Johnson City, TX

Relatively short day again. Once again, I bypassed the ACA route in favor of taking the direct highway (Hwy 290 in this case).

I left the motel at 8:40, and went back to Hilltop Donuts, which was closed the previous day.

kolaches in display
At Hill Country Donuts and Kolaches. Kolaches at last. Two Cambodian women were running the busy shop, and seemed to pronounce the word, “Kolochi.”
kolache taste
The bun was highly herbed, but otherwise, it was basically a pig in a blanket.
inside kolache
It had a sausage inside, and cheese. The large size cost a little more than $3. I got two – one to eat, one to carry.

I left town at 9:20 am. It was already getting warm. Along the way, there were multiple peach farms and wine tasting rooms (the latter not shown, because I don’t drink, and especially not while cycling).

Studebaker Farm
Studebaker Farm stand at Blumenthal.

Learning: the road that most of the cars take is generally flatter and more direct than the ACA route, and is likely to have services, even if the ACA route has none.

selling peaches
The smallest basket of peaches was all I could carry in my front pack, even after eating half of it. $6.
tea and water
In the market, there was iced tea and lemon-cucumber water.
Johnson City
Got into Johnson City, the hometown of LBJ, at about 12:45 pm. All of a sudden, the shoulder became perfect – smooth and clean. I was thinking that it might be considered hallowed ground by Texas.

The ACA map listed only the Best Western for Johnson City. I passed by on the way in, considering it too early to actually check in. A little further down, I saw a large sign for the Hill Country Inn, which looked like it might be a bit more economical. I inquired, and the woman told me it would be $55 plus tax. Instead of checking in, I went off to get lunch.

Hill Country Inn
This looks like a humble motel.
Home Town Donuts
Johnson City had it’s own place with kolaches so I had to investigate.
I was the only person in the shop, so chatted with Sharon for a while. She said that Kim, one of the owners, was Cambodian. Once again, they were all basically pig-in-a-blanket, no fruit or nuts.

On the way back from lunch, I checked the price of the Best Western. $79 plus tax. No brainer: back to the Hill Country Inn. It turned out to be a nice room, lots of space, good power outlets, good a/c, and fair speed on the internet. The shower even worked well.

I even took advantage of the pool, swimming for maybe 15 minutes. Although the day was hot, it was more to wash my cycling shorts in chlorine than to cool off.
gas station dinner
The nearby donut shop and BBQ were closed, so the walkable dinner choices were Dairy Queen and the Exxon store. I got a gas station dinner, and used some of the bread from yesterday’s lunch to sop up the extra sauce on the spaghetti. I also finished the last 3 peaches.

Tomorrow, I’ll try to make it to Austin, which is about 50 miles, and no services until nearly the end if I take the ACA route. Possible record heat is forecast. If the donut shop from yesterday is open in the morning, I’ll get breakfast there, and a kolache or two for the road.

Miles: 32.2

(Visited 142 times, 1 visit(s) today)
  1. Hmm… those kolaches look *nothing* like the fruit-filled ones my sister makes, nor do they look like the fruit-filled ones that I had in a Czech restaurant in Chicago. The closest commercial thing that I can think of is the Peppermint Farm apricot/raspberry filled cookies, where the filling is in the center, but the center is open so that you can see the fruit.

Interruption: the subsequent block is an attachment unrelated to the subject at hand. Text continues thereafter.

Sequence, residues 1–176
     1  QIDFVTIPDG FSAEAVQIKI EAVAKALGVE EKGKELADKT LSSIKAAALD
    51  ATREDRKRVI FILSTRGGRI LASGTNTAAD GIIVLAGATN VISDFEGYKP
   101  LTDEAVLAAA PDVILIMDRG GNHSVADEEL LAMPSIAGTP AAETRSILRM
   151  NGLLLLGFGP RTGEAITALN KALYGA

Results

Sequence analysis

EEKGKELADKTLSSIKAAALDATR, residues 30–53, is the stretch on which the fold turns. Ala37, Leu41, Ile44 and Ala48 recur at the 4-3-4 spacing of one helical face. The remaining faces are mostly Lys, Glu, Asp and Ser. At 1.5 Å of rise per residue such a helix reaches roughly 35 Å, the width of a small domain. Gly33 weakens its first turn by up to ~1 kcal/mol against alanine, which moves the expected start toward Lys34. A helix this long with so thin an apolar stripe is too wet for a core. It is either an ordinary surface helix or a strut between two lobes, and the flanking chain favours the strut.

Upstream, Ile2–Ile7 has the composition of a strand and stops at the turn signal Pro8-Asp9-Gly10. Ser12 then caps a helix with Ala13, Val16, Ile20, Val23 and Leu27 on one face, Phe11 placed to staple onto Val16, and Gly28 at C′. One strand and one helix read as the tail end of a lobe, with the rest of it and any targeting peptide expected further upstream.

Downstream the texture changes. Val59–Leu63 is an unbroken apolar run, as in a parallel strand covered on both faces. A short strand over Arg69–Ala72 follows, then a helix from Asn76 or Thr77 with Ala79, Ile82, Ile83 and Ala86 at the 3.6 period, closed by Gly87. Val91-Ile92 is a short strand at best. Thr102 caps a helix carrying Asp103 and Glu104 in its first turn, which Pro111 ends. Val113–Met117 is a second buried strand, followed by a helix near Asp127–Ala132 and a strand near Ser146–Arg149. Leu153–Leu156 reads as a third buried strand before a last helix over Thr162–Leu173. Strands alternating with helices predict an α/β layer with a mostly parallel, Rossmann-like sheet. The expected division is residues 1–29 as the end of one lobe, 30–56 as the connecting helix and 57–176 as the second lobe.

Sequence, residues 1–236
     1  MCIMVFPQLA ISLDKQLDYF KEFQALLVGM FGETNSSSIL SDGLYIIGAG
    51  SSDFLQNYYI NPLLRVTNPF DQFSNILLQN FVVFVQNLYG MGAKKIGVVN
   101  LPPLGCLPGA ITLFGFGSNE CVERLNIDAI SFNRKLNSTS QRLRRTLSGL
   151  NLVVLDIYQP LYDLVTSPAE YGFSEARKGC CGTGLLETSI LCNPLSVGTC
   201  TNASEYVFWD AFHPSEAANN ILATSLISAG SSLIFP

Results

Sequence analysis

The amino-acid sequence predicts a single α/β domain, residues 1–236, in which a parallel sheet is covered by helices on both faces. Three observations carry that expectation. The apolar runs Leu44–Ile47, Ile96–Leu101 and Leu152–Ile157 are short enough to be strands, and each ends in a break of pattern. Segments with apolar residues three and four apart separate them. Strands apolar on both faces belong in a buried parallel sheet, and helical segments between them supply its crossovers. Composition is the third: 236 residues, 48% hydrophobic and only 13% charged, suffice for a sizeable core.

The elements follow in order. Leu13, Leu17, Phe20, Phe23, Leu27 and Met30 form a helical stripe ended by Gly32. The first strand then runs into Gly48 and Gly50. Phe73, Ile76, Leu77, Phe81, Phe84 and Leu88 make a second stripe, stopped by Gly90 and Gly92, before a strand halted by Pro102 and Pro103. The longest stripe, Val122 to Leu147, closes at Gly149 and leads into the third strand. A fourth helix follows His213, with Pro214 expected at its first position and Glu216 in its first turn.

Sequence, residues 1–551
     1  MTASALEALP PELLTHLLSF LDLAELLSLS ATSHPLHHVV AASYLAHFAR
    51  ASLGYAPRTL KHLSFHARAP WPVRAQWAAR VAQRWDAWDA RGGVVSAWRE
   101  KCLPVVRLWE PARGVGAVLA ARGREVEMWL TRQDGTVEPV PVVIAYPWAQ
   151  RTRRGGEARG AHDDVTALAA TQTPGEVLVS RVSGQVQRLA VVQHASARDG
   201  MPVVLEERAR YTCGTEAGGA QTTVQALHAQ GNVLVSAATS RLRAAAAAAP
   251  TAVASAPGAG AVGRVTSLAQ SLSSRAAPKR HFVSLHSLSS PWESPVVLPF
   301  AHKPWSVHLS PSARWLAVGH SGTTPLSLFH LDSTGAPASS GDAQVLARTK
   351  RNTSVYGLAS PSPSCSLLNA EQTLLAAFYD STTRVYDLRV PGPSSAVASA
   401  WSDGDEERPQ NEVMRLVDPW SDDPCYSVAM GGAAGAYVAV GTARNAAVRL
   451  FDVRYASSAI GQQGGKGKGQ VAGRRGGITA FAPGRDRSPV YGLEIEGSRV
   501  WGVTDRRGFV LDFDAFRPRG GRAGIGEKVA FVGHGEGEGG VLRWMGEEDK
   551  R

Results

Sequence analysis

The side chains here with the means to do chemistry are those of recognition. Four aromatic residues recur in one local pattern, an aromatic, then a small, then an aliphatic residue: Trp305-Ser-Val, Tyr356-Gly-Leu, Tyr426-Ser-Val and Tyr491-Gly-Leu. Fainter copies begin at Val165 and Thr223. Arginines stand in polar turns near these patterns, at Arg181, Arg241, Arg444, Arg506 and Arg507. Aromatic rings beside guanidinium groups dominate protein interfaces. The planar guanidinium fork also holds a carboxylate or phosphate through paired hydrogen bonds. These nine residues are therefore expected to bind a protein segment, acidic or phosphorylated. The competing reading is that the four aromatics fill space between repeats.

That is the first time that I have *ever* seen water served with cucumber slices. o_O

    Austin is famous for its food truck culture, and we have had some really good BBQ cheap. The meat was fabulous. (The bread and sides, not so much… (Slices of white Wonder Bread? Really?)) There is also (according to Dear Daughter) a large Asian community in Austin, so there are all sorts of cheap Asian eateries (Thai, Chinese, Japanese, fusion….) and a few excellent (but $) high-end ones. (We have been to both sorts.)

    1. Used to be lots of Bohemian Czechs around Chicago. My dad grew up in Berwyn, and I kinda recall boxes of fruit- and poppyseed-filled kolache from Fingerhut (or was it Vesecky’s?) Bakery. Good stuff, a bit simpler than the Moravian variety.

    2. Cucumber water is super refreshing, especially in the heat.

      I’ll see what Austin has to offer, but my energy will be focused on getting there, not finding interesting food.

  2. Those pigs-in-a-blanket you tried are more of a klobásník. Meat-filled “kolache” is a Texas thing. Authentic kolache are a sweet pastry filled with fruit and cream cheese.

    Google “moravske kolače” (Moravian kolache) then filter just images for examples of what to look for. There are many variations. The Moravian variety Liba makes are the wedding dessert pastry like these:

    Koláč (“koh-lawtch”, Americanized spelling “kolache”) is singular; koláče (“koh-lawtch-eh”) plural; koláčky (“koh-lawtch-key”) diminutive for the smaller variety. Americans like to butcher foreign words. 😉

    1. Those look like tarts. Nothing like that in the bakeries, here – at least so far.

      My wordpress was holding any comments with links for moderation – I’ve fixed that, so if you post links in the future, they should go right up.

      1. It does look a bit like a tart, but think light, sweet yeast dough, often some cream cheese, and a dollop of fruit filling in the middle. It’s hard to get the dough texture right. Here’s the easier-to-mass-produce style you’ll find at places like Kolache Factory (which also offers a huge selection of savory filled breakfast buns):

    1. Yeah, that’s the consensus. Yet the shop had the audacity to put the word “Kolaches” in their name. Maybe new management took over a legacy store? Skip forward to La Grange, for another try at Kolache.

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